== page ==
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Friday 25th May 2018

'Hep B fuelled' by migration

21st November 2007

The Hepatitis B Foundation UK has said that the increase in immigration should force the UK into considering the implementation of vaccinations for children against Hepatitis B.


The charity's report has estimated that the amount of cases of the infection have nearly "doubled in six years". They say this is partly because of the arrival of people infected with the virus.

It warned that there are no current provisions to prevent the estimate of 326,000 from doubling in the future. The charity said the number of estimated cases had increased from 180,000 in 2002.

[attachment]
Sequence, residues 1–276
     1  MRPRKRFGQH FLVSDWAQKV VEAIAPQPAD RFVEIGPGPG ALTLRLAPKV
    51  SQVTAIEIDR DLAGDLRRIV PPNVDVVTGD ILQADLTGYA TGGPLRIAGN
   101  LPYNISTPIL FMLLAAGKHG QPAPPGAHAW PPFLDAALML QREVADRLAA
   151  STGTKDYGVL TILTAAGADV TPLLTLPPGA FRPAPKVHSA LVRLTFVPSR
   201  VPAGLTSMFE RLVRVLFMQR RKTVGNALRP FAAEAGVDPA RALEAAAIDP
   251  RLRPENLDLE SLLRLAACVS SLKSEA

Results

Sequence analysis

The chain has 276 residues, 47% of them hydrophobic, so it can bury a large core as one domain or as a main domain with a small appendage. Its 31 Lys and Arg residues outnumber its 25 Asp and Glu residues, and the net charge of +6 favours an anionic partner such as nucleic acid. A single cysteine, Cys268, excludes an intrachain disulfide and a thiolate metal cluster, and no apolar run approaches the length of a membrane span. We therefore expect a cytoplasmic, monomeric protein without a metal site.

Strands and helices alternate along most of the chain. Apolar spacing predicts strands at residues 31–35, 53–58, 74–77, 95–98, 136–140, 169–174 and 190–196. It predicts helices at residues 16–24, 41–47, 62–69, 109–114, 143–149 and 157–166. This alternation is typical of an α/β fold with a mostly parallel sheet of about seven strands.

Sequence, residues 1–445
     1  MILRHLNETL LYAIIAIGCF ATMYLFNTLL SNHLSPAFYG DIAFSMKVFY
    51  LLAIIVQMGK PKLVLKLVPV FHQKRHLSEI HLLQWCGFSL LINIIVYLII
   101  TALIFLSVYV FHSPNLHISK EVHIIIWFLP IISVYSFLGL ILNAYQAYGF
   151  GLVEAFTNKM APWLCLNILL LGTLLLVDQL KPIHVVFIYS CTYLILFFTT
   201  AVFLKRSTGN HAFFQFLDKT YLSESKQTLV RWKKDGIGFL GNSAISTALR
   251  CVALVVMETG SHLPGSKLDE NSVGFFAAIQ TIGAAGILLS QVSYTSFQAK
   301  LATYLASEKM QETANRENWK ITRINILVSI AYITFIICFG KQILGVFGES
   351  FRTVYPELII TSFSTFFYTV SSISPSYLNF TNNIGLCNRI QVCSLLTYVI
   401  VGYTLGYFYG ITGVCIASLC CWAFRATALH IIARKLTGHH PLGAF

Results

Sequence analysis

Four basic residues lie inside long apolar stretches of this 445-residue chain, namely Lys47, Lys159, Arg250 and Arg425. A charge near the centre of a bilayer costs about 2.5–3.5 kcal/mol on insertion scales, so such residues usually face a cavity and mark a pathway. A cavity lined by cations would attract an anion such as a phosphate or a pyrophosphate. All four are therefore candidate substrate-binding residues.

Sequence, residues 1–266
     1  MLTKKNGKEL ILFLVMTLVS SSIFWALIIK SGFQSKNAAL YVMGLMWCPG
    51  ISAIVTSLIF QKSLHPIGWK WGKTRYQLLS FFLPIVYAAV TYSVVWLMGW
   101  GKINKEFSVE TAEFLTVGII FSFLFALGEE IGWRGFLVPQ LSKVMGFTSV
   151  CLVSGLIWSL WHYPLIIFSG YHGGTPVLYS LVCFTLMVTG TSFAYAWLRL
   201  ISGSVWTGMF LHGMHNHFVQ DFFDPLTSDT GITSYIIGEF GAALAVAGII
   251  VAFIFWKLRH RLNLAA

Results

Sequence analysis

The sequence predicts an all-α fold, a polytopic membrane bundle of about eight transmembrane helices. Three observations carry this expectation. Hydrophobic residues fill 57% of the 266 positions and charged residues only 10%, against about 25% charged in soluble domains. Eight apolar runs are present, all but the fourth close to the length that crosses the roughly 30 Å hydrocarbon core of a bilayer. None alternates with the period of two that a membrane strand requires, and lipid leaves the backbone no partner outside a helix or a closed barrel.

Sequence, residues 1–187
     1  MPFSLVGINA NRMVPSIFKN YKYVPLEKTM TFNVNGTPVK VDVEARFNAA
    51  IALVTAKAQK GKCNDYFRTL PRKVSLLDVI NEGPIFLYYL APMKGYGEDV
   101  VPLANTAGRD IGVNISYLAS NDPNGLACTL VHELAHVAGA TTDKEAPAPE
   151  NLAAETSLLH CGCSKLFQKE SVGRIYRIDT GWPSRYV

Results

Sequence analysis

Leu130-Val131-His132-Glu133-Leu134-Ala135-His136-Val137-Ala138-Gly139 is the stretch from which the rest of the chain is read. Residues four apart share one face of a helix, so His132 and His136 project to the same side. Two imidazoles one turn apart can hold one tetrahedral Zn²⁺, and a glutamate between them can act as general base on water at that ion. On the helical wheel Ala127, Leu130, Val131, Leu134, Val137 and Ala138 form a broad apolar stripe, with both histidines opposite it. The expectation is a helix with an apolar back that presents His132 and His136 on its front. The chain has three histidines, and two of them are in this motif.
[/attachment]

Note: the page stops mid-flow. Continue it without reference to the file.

At present, the UK does not universally vaccinate against the virus, although the World Health Organisation advises that all babies should receive the vaccination.

"We are not in the middle of a major public health problem yet, but we need to start looking ahead before we find ourselves in one," says Professor Graham Foster, a consultant hepatologist who was involved in the report.

Mothers can infect their children with the virus during childbirth. It can also be caught from the bodily fluids of those infected, for example by the sharing of needles.

The acute form of Hepatitis B will kill 5% of people and the chronic type of the virus can cause dangerous liver conditions in half of patients.

A Department of Health spokesperson said the UK had "one of the lowest prevalence rates of the disease in the world" and had in place a "range of measures to prevent and control it".


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